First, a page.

In the months before we first slaughtered pigs in 2015, I built a crossbeam from several lengths of pressure-treated 4-×-6-in beams (see first photo). Two uprights set in concrete and braced diagonally at the base where they contact the ground suspend a horizontal beam about 10 ft in the air. The height is necessary to clear the top of the tank with the length of the vertically suspended pig. With the hope of scalding two pigs at a time (impractical as I now know), I drilled through the top of the crossbeam in two places and attached a heavy-duty eyebolt through each hole. From each eyebolt, we hang an engine hoist, which is simply a ratcheting, locking, geared pulley that provides a significant mechanical advantage for lifting a heavy object overhead. Pulling a chain loop attached to the gears either raises or lowers the attached object . . . very slowly.
With the front gambrel hooked to a chain attached to the engine hoist, one person pulls on the chain loop and begins ratcheting the carcass up and forward into the scalding tank, while at least two others hold onto the rear gambrel running through the back legs and steer the back half of the carcass up and over the rim of the scalding tank, carefully placing it into the hot water. Since the mass of the pig carcass will quickly absorb heat and lower the water temperature, it’s not a bad idea to heat the water hotter (155 or even 160ºF) than the target temperature of 150ºF, keeping in mind that contacting the flesh of the pig with the possibly overheated metal of the scalding tank may set the hair follicle, making it impossible to remove with a scraper.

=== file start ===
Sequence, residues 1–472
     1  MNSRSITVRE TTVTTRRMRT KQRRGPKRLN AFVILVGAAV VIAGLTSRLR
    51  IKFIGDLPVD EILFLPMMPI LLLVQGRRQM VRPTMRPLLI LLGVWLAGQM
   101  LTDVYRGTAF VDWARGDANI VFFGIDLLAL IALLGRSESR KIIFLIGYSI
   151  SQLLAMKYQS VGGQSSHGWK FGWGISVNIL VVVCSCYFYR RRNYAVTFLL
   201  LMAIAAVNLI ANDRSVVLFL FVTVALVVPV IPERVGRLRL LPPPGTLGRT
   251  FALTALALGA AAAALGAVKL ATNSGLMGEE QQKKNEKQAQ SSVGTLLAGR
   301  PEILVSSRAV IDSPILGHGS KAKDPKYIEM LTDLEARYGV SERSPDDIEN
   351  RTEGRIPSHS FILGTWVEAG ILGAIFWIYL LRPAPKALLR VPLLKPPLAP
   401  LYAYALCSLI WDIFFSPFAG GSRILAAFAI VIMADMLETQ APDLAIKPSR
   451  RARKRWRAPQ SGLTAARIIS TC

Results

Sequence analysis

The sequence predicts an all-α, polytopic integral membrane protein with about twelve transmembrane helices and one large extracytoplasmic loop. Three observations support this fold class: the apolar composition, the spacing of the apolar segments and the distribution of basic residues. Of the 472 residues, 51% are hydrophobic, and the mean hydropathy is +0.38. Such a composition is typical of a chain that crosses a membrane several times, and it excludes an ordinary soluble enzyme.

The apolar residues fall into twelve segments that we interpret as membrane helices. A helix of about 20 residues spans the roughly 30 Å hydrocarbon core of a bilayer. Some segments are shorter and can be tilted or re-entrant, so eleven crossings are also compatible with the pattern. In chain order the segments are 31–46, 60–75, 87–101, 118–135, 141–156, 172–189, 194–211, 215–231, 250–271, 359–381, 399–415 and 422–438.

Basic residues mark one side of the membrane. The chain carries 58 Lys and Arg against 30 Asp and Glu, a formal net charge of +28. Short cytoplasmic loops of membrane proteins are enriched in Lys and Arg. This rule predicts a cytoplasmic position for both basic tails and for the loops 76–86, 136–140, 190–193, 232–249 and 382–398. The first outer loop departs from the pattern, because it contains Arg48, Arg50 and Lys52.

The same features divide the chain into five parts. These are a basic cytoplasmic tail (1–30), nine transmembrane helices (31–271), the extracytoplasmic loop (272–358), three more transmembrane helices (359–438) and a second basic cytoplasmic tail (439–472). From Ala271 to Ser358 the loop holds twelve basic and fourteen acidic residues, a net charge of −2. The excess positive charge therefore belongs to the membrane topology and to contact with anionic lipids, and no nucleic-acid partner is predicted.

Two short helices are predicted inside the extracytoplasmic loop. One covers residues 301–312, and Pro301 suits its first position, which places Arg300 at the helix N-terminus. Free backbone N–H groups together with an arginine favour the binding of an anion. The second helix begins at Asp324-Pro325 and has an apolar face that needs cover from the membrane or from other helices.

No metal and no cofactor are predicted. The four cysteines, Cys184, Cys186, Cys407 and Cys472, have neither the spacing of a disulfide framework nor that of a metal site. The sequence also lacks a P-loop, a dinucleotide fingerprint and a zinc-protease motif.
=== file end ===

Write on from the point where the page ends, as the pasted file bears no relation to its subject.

With this in mind, we typically run at least three lengths of chain across the width of the scalding tank. With these in place, between the bottom of the tank and the mass of the carcass, people on either side can pull the chains, thus rotating the carcass and keeping it from settling on the bottom of the tank. While several volunteers are employed agitating these chains, another dumps buckets of hot water across the exposed parts of the carcass such as the legs, which never fully submerge in the tank. Every minute or so, it’s a good idea to check the status of the hair by yanking on a tuft of it. When hair pulls easily from several places, usually after about five minutes of submersion in hot water, the carcass should be raised as quickly as possible from the water.